• xylophone
    • By xylophone 15th Jan 20, 4:01 PM
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    • 19,877 Thanks
    xylophone
    And see post 18.
    • zagfles
    • By zagfles 15th Jan 20, 4:14 PM
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    zagfles
    And see post 18.
    Originally posted by xylophone
    Except that doesn't account for periods below the LEL, which don't count at all.
    • zagfles
    • By zagfles 15th Jan 20, 4:18 PM
    • 14,930 Posts
    • 13,520 Thanks
    zagfles
    Xylophone you have been most helpful I quoted this article to HMRC and they totally refused what was quoted in the article. I have no confidence in HMRC call centre.

    Basically my gross monthly salary is £2141 I
    Am I correct in assuming that I only need to work three months in the next financial year 20/21 to meet the requirements for a qualifying year or am I missing something. The article mentioned a primary threshold however Iím not sure if this applies to me?
    Originally posted by Suzzi59
    It's quite close, you'll have to wait till the 2020/21 rates are announced, probably in the March budget.
    • Suzzi59
    • By Suzzi59 15th Jan 20, 4:29 PM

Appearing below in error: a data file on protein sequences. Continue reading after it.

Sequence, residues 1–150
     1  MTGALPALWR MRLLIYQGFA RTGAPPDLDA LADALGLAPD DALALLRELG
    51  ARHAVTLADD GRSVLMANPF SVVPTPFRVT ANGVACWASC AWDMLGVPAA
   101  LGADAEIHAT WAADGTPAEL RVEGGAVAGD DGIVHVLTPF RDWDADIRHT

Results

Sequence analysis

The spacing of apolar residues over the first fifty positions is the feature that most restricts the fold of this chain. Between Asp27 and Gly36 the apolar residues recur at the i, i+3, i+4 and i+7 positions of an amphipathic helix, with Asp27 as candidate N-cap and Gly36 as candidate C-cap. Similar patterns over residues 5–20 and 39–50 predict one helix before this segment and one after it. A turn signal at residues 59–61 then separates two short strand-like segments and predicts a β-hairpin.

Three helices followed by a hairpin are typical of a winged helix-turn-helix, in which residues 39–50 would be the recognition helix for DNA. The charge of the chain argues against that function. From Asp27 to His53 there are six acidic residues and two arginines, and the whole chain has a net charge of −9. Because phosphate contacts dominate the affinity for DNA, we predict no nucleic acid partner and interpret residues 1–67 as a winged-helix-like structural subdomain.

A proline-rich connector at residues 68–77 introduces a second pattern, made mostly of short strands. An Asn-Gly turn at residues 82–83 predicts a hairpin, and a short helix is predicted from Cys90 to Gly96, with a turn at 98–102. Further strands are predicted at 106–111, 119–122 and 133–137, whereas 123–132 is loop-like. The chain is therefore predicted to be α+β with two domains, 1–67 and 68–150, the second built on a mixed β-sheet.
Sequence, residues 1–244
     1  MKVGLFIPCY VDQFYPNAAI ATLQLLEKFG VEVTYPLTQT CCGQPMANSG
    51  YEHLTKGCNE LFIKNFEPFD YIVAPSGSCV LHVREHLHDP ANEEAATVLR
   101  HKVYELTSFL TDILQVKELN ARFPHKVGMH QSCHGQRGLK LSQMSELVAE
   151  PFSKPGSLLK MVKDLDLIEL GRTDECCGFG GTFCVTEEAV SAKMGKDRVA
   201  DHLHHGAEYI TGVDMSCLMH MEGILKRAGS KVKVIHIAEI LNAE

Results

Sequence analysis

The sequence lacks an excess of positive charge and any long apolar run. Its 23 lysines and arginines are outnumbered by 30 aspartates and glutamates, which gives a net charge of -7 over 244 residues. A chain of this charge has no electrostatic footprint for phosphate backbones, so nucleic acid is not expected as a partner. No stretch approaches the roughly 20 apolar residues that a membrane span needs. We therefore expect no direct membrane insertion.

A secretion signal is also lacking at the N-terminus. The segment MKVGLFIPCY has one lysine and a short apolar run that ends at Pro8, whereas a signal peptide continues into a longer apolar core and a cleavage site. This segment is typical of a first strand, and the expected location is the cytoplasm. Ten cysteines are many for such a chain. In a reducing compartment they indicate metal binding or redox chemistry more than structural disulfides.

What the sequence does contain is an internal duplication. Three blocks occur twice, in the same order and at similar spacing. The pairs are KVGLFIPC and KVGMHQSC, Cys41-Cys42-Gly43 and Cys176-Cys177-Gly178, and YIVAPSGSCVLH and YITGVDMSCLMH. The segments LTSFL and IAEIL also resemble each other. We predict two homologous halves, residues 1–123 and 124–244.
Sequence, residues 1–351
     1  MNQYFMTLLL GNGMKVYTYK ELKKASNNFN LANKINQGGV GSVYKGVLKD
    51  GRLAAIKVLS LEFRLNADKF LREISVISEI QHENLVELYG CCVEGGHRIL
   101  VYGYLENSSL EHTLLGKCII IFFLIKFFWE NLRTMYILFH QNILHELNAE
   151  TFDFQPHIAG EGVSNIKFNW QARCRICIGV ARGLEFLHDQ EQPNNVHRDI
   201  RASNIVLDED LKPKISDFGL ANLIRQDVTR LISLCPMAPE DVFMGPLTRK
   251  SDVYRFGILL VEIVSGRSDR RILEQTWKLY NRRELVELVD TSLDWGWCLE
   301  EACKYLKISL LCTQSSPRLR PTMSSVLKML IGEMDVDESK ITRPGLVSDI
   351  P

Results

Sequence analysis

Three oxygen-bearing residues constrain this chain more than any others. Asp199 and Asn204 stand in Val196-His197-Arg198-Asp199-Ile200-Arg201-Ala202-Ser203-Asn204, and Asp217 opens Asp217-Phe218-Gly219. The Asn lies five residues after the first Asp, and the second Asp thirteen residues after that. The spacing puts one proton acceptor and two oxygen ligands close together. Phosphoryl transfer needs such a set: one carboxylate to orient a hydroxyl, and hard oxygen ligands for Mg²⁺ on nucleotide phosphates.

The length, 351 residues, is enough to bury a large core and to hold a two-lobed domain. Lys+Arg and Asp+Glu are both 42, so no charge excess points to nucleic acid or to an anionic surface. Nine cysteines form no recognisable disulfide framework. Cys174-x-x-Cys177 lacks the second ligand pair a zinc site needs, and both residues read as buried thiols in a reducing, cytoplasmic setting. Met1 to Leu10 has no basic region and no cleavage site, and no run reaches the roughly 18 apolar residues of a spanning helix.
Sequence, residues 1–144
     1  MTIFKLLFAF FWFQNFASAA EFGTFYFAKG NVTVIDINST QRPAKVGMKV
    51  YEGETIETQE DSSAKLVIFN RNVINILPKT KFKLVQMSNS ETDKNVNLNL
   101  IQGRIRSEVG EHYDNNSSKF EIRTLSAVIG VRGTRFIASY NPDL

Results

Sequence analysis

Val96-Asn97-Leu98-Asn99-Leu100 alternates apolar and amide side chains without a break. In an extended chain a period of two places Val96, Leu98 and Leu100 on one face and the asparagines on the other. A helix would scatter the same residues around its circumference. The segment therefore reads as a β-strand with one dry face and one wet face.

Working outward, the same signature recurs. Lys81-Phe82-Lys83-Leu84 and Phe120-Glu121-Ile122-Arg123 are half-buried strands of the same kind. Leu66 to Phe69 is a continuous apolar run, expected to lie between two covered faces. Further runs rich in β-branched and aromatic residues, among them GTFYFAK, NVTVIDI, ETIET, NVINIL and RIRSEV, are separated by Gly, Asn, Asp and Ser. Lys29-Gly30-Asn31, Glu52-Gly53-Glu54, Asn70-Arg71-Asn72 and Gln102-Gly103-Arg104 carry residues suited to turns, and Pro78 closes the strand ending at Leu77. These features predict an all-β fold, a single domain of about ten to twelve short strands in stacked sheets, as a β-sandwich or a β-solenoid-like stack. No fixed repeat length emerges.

• 15 Posts
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    Suzzi59
    Fagfles, I assume Iím on the right track then. March is cutting it fine for me but Iíll probably wait. I have to give 4 months notice Iím looking at finishing 10th July 2020
    • zagfles
    • By zagfles 15th Jan 20, 4:48 PM
    • 14,930 Posts
    • 13,520 Thanks
    zagfles
    Fagfles, I assume Iím on the right track then. March is cutting it fine for me but Iíll probably wait. I have to give 4 months notice Iím looking at finishing 10th July 2020
    Originally posted by Suzzi59
    Budget is 11th March. You'll probably be OK, I doubt the LEL will go up over 4% which it'd need to do to keep you under the qualifying level. Plus your final pay will probably count, especially if you get accrued holiday pay etc in your final salary.

    Assuming the £2141 is after any salary sacrifice is taken off.
    • Suzzi59
    • By Suzzi59 15th Jan 20, 5:06 PM
    • 15 Posts
    • 0 Thanks
    Suzzi59
    Thank you, thatís most helpful. Fingers crossed 🤞